She didn’t read too much into this because, let’s face it, he was alien and from completely different background – for all she knew, it was perfectly normal to never say “no” to your friends if they asked you to buy something.
Rose finished sprinkling the yellow cupcakes with pink hearts and dusted her hands. Not too shabby. Not too pushy.
And the cupcakes were the banana ones.
The Doctor would love it.
The Doctor shoved a couple of banknotes into the cashier’s hands and scooped up the purchased items into his jacket’s pockets.
Rose would love his gift. She was bound to! He had to travel back in time while she was out cold in her bedroom after doing God-knows-what in the galley (the Tardis refused to let him in there).
He was in for a successful Valentine’s Day.
The Doctor stepped into the galley and saw Rose swiping her hands at the table at what seemed to be the “Ta-da!” gesture.
She relished at the smile that lighted the Doctor’s face up.
“Rose, are those...”
“The banana ones!”
After a minute of him delightedly staring at the sugar goodies baked by Rose, to him and for him (and with heart-shaped sprinkles, no less), the Doctor shook his head to get rid of the romantic haze infiltrating his brain and pulled out a small packet wrapped in pink wrapping paper.
He thrusted the package into Rose’s hands. The blonde was surprised but accepted the gift readily.
After a moment of her staring at the package and him the Doctor gently nudged her to open it.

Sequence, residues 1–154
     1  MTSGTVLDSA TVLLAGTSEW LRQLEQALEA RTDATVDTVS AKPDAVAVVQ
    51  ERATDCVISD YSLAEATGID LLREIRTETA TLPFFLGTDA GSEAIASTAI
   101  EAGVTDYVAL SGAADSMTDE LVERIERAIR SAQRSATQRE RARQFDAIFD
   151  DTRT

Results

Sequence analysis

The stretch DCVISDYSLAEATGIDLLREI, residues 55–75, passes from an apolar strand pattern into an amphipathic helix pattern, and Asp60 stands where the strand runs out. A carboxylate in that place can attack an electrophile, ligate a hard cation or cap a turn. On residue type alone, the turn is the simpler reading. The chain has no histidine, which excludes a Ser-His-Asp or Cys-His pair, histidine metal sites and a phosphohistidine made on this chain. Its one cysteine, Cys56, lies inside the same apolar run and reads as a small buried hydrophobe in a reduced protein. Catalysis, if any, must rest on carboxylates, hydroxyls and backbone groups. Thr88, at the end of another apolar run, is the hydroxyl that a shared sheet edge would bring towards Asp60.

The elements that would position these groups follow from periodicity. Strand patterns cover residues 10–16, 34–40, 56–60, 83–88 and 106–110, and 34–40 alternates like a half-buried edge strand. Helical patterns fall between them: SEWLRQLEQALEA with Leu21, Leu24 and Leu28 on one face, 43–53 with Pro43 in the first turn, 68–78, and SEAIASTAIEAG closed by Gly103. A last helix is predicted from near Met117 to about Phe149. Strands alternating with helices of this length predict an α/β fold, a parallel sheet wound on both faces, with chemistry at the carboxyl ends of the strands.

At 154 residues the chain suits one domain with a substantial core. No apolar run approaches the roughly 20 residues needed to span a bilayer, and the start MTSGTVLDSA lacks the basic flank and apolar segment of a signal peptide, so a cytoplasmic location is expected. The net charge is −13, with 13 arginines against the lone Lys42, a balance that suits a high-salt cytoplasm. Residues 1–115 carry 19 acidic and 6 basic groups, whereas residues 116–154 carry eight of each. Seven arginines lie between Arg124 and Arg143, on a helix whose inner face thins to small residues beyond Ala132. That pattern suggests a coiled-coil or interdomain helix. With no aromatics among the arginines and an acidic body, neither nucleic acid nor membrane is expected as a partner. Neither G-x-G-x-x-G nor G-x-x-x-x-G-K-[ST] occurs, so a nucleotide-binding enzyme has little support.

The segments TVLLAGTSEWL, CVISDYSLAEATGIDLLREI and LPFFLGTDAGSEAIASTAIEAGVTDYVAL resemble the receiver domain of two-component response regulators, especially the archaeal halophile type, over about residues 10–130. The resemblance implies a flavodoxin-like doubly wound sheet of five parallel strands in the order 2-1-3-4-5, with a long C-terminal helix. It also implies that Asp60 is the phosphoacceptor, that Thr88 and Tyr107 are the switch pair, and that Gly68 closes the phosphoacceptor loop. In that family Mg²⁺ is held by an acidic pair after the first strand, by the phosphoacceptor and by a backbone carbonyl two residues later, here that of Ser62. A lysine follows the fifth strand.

He enjoyed the delighted giggle as she fished out a package of “Sour hearts” jelly babies and several chewing gums with cheap rings attached to them. He honestly couldn’t comprehend why she was attached to those garish carelessly done rings but Rose would always tell him that they reminded her of her childhood and the days after school when Shareen and her would spend their pocket money at the local shop buying sweets and magazines and trinkets.
Her eyes shone delicately in the orange-coloured lightning of the Tardis as she read the writing on the jelly babies’ package.
“Sour hearts, – the Doctor provided, commenting further, – it seems that you are fond of them if you are still travelling with me even though I’m hardly the easiest person to be around.”
Rose smiled gleefully and threw her hands around his neck in a hearty hug.
She wouldn’t have missed loving those hearts for the world.